Senior ministers slam media debate on Tehran

Lieberman says 99% of reports on Iran are false; Begin: Press attention on discussion of possible Iran strike worse than acts of Anat Kamm.

IAF F15s refueling in-flight 311 (R) (photo credit: Baz Ratner / Reuters)
IAF F15s refueling in-flight 311 (R)
(photo credit: Baz Ratner / Reuters)
Senior ministers on Wednesday slammed the media debate about a possible attack on Iran and accused those who leaked the information of harming the nation’s national interest.
“There has never been a breakdown of responsibility and a campaign of recklessness like there is today,” Minister-without-Portfolio Bennie Begin said in a series of media interviews that included Army Radio and Channel 2.
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For the last week, the media has spoken about government debates regarding a possible Israeli strike against Iran’s nuclear facilities.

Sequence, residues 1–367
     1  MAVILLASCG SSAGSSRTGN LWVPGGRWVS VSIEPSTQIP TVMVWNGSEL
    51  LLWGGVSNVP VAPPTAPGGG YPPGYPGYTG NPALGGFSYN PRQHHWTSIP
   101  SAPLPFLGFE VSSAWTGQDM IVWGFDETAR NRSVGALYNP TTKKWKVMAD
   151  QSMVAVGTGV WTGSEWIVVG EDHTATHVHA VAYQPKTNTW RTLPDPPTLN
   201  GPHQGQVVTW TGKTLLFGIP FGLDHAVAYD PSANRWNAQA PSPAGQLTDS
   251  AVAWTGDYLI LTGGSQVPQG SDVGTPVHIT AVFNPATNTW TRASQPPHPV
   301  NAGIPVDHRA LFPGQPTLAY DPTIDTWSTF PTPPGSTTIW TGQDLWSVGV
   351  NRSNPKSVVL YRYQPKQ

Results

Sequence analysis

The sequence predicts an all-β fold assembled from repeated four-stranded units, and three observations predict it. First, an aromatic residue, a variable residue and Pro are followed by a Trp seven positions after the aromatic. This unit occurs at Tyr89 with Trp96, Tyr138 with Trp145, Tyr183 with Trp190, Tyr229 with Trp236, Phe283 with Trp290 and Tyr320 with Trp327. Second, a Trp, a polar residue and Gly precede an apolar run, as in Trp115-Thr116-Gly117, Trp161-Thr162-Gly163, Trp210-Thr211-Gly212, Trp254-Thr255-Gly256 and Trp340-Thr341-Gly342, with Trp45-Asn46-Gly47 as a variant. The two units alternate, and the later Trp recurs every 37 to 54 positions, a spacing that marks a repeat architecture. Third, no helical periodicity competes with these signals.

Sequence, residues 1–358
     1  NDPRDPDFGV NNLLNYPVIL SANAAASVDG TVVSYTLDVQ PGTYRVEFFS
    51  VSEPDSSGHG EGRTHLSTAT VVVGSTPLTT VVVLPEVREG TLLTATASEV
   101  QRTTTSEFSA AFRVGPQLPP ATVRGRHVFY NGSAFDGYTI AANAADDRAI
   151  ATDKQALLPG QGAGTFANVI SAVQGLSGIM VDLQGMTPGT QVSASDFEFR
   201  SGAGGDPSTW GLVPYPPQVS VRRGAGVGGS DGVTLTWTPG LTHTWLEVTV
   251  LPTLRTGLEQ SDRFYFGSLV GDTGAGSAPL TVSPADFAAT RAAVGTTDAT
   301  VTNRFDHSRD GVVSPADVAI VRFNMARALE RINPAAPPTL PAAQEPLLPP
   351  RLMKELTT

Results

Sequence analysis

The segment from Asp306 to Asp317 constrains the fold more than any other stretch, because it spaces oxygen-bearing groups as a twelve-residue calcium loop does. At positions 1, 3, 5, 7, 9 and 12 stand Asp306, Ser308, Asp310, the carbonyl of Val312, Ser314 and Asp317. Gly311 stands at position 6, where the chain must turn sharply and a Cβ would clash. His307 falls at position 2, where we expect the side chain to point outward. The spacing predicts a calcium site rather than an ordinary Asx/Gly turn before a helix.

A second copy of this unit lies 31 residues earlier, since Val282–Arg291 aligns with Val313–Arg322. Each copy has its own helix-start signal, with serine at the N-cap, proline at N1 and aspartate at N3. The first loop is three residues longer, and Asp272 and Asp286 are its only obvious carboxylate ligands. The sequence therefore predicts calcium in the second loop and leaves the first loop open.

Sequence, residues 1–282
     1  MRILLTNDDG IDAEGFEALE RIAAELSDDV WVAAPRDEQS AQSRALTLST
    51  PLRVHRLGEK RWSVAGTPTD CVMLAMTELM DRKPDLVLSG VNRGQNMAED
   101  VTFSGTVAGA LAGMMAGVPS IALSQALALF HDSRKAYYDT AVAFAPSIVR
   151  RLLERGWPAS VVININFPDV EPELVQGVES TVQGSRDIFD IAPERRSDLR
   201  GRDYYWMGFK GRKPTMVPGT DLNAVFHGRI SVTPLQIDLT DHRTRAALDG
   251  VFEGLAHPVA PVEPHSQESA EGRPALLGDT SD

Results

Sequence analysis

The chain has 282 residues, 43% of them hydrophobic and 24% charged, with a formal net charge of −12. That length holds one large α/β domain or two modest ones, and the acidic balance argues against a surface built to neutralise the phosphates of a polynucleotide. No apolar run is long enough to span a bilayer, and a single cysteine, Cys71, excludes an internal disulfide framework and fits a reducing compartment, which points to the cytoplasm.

In one report, information from a meeting with Interior Minister Eli Yishai was leaked, in which he was filmed by someone with a cell phone saying that the responsibility of such a decision weighed heavily on him.
Haaretz ran a front page story in which it said that Prime Minister Binyamin Netanyahu and Defense Minister Ehud Barak were soliciting support – particularly among the Inner Cabinet, a forum of eight ministers – for a military attack on Iran.
Last week, Yediot Aharonot ran a frontpage column titled “Atomic Pressure,” which made similar allegations.
The media attention, Begin said, “pales in comparison to the acts of Anat Kamm, for which she was sentenced to four-and-a-half years in prison.”
“Public servants swore to guard state secrets forever, also after they leave their positions,” Begin added.
Making such discussions public, he added: “Can present real damage to the government’s abilities to make decisions.”
Former National Security Council head Maj.-Gen. (res.) Giora Eiland countered Begin’s attack on the now public debate on an Iranian military strike.
It’s natural that this kind of discourse occurs, he told Army Radio.
“It’s hard to take a topic that the prime minister declares to be the most important to the State of Israel and then prevent public debate about it,” Eiland said.
Foreign Minister Avigdor Lieberman said that the media reports had caused “tremendous damage” and that 99 percent of what had been published in the media with regard to an Israeli military strike on Iran “had no relation to the truth.”